FOOD TRIPPING IN SINGAPORE

My kind of breakfast - scrambled eggs and mushroom.

My kind of breakfast – scrambled eggs and mushroom.

Danny Chaplin, one of the nicest PR people I worked with when I was still residing in Singapore, had a new toy and the results from playing with it were fantastic. His pictures – uploaded to Facebook – were sharp (among other things). One showed a food stall and I wished, for a moment, I could go through a wormhole, grab a chair and enjoy a plate of boneless Hainanese chicken at Tiong Bahru. Singapore, if you think about it, is really all about food after you’ve done all the shopping and sightseeing around the touristy areas.

Although Singapore is lousy with tourists anytime of the year, a newcomer to the burgeoning city – increasing population is making the news these days – won’t go wrong with a food map as a guide to the Garden City where, to quote my former editor, “You are spoilt for choice.” It was her favourite phrase to describe a tourist destination that I agreed with, which in our working relationship was a rare occasion.

The design is understated at Toast Box but the breakfast sets speak volume of taste.

The design is understated at Toast Box but the breakfast sets speak volume of taste.

Anyone for buttered toast and eggs for brekkie?

Anyone for buttered toast and eggs for brekkie?

Food tripping can begin the traditional way of repasts. Breakfast at the hotel, I’d dare say, is anti-climactic. The choices are somewhat limited and you wouldn’t want to be cooped up in the hotel no matter how avant garde its surroundings are or superb their staffs are. Unlike most Singaporeans whose breakfast is either fried rice or fried noodles, I am a bread-in-the morning person, and the choice was the off shoot of Bread Talk. Toast Box had just opened for the day so finding a place to sit was a breeze and politesse was surprisingly present. Breakfast of the day: two sets of sugar butter toast with boiled eggs and kopi (coffee with condensed milk). Although I favour Ya Kun Kaya Toast for their toast set, Toast Box’s sets were far from insipid. They actually give Ya Kun Kaya a run for their money!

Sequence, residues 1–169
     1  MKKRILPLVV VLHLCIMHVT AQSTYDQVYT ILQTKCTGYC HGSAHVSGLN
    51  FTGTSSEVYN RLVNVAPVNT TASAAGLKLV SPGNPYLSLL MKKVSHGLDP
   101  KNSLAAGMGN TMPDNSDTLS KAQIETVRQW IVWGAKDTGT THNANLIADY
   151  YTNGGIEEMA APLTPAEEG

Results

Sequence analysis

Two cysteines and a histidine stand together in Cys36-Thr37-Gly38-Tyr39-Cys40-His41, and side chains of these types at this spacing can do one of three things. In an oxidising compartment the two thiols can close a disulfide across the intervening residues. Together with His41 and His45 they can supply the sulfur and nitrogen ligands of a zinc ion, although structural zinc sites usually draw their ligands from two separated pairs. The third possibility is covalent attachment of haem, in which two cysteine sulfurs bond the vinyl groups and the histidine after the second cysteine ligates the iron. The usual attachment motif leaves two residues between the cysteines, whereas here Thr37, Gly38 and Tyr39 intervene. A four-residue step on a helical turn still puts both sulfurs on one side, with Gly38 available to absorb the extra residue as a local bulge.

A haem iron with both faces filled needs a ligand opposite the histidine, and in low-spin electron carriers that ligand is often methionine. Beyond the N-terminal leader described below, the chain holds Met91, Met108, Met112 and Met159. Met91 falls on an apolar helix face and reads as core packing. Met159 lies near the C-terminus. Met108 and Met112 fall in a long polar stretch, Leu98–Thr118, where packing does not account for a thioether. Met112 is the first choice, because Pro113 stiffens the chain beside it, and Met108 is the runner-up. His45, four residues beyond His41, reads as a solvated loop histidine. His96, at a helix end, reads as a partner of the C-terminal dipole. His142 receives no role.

A perfect partner for scrambled eggs and mushroom - spiced cappuccino.

A perfect partner for scrambled eggs and mushroom – spiced cappuccino.

Breakfast the next day was at TCC (The Connoisseur Concerto). Together with a gal-pal who relocated to the city for work, breakfast was an extremely satisfying indulgence for our last day in the city. My choice was Hearty Breakfast with Eggs & Shrooms, which is scrambled eggs, thick slices of wholemeal bread and sautéed mushrooms. I paired it with Spiced Cappuccino, and its hints of cinnamon and nutmeg danced beautifully on my palate.

The breakfast of champions - eggs, ham, and sausage.

The breakfast of champions – eggs, ham, and sausage.

The feel of breakfast in Paris - croissant with scrambled eggs and ham.

The feel of breakfast in Paris – croissant with scrambled eggs and ham.

Gal-pal opted for American Breakfast or classic scrambled eggs with chicken nürnberger sausage and chicken ham, served with sun-dried tomato toast and oven-roasted vine-ripened tomatoes. Meanwhile, my father tucked into flaky croissant and scrambled eggs, cheese slices and chicken ham, also known as Morning in Paris.

Not far from the conversation was the subject of lunch. Two reasons: one, we were on holiday so diets definitely took a hike and, second, a discussion on where to eat is a serious matter when you’re in Singapore because of the myriad choices. You don’t want to regret what arrives at your table. The unanimous decision was a more Asian flavour so we headed to Hong Kong Noodle Place. I love Hong Kong noodles; they’re thin and springy. And what is a Hong Kong meal if it is without the iconic Peking duck and deep-fried wanton? I revelled in the meal and the absence of din that permeates local HK eateries – bowls and Chinese spoons landing with a bang on the table, the rapid-paced chatter in the entire eatery – and the unsmiling service crew. It could be worse – they could have been officious or completely wrapped in total apathy.

Hong Kong noodles with shrimp is always a winning choice for lunch or dinner or even snack.

Hong Kong noodles with shrimp is always a winning choice for lunch or dinner or even snack.

Noodles, wanton and duck - a taste of Hong Kong for lunch.

Noodles, wanton and duck – a taste of Hong Kong for lunch.